If you’ve overlooked the Miss America pageant as nothing but frivolous cheesecake, you are not alone. But consider taking a closer observe this cultural artifact, which has been around almost as lengthy as girls have had the right to vote. In Looking for Miss America: A Pageant’s 100-Year Quest to Define Womanhood, historian Margot Mifflin encourages us to view Miss America as more complicated than simply sashes, hairspray and excessive heels.
If you’ve not noted the Miss America pageant as nothing but frivolous cheesecake, consider taking a closer examine this cultural artifact.
Miss America has by no means represented all American women—and that was sort of the point. From its beginnings on the Atlantic City boardwalk in 1921, the pageant has rewarded an idealized model of young womanhood: white, childless, unmarried, skinny and beautiful (by using the beauty standards of the day).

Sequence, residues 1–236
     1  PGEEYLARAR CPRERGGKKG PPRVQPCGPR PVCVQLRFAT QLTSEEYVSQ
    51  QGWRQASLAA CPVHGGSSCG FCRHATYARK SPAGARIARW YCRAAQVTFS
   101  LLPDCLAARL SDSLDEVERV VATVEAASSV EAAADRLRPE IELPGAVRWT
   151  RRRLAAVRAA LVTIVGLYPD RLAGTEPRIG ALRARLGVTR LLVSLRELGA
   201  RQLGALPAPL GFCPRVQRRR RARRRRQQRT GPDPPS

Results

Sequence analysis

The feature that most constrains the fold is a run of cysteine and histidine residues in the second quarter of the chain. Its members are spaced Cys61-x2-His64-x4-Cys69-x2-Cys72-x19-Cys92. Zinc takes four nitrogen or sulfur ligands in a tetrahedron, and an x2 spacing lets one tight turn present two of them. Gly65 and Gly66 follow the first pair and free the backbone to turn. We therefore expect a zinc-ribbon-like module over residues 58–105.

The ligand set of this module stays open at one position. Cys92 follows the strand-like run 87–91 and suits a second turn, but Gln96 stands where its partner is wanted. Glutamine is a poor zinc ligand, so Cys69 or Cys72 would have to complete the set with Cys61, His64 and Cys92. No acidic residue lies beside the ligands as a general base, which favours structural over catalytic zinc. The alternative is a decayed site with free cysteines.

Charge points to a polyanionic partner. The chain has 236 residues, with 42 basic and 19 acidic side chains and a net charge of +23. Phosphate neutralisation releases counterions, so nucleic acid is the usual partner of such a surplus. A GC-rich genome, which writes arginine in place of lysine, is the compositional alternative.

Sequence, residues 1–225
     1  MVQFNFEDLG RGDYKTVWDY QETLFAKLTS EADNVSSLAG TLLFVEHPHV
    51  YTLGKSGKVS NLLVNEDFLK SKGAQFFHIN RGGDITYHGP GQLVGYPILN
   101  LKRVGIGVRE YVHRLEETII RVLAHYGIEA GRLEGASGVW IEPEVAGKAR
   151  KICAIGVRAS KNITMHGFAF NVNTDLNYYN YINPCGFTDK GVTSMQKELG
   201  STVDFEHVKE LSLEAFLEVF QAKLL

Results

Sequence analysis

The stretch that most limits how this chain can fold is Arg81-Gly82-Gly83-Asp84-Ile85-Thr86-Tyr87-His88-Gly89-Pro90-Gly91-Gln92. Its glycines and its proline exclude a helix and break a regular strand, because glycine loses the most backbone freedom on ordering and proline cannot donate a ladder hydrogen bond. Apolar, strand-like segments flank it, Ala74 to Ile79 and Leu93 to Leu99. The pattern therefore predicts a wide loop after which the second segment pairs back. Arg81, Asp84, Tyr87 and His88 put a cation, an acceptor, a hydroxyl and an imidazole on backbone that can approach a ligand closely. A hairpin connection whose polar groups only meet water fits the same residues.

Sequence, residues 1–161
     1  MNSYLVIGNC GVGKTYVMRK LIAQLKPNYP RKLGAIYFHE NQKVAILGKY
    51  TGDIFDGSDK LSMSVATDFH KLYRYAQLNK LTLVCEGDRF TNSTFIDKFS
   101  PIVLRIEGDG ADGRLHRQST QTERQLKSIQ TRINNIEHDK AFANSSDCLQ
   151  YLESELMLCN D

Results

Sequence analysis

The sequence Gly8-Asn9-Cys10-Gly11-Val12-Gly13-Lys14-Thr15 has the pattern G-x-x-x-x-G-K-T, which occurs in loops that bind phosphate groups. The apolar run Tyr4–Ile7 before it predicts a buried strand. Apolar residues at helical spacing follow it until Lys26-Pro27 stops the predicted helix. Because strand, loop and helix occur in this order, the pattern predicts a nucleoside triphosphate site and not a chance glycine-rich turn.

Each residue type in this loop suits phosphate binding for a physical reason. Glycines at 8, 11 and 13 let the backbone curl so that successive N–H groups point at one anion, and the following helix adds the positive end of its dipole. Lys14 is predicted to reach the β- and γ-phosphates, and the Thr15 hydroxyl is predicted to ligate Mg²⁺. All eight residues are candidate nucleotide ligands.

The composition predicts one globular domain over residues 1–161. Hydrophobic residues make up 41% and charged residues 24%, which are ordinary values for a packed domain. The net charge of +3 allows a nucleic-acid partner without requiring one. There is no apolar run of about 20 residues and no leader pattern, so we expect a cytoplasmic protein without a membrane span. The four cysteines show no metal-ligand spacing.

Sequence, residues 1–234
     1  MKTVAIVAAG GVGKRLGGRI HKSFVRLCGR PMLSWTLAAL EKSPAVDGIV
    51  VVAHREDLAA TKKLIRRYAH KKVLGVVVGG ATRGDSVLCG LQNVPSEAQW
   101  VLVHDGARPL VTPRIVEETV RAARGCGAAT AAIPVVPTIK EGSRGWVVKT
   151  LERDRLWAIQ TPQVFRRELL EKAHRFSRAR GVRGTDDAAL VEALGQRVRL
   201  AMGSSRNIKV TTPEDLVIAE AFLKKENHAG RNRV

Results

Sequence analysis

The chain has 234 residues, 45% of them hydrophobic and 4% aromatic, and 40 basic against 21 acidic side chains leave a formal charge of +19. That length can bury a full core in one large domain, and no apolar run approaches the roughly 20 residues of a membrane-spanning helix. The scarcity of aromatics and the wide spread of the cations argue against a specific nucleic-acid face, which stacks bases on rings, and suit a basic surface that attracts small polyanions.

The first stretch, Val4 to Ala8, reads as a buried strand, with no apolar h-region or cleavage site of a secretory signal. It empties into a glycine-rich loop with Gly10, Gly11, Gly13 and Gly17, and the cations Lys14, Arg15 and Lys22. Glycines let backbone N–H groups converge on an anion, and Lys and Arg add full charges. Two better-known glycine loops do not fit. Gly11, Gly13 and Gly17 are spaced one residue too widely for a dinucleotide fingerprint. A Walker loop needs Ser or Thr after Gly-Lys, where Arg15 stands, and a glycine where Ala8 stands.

As patriarchal white America ceded its control of women and those of color, Miss America slowly changed along side the culture. The festival grappled with social revolution regarding girls’s “ideal” bodies, sexual expression, sexual orientation, educational opportunities, gender roles and careers. “The competition has been in steady dialogue with feminism, even though rarely in step with it,” writes Mifflin.
Mifflin’s deep research, severa aid texts, nuanced analysis and punchy writing weave a fascinating account. (The records of the bathing in shape part of the festival is specifically fascinating.) She interviewed over a dozen beyond festival contestants, pageant employees, a decide and others for a comprehensive behind-the-scenes narrative.
Even if you’ve by no means watched a unmarried Miss America festival on TV, every body with an hobby in American records would advantage from this deep dive into a complicated cultural figurehead.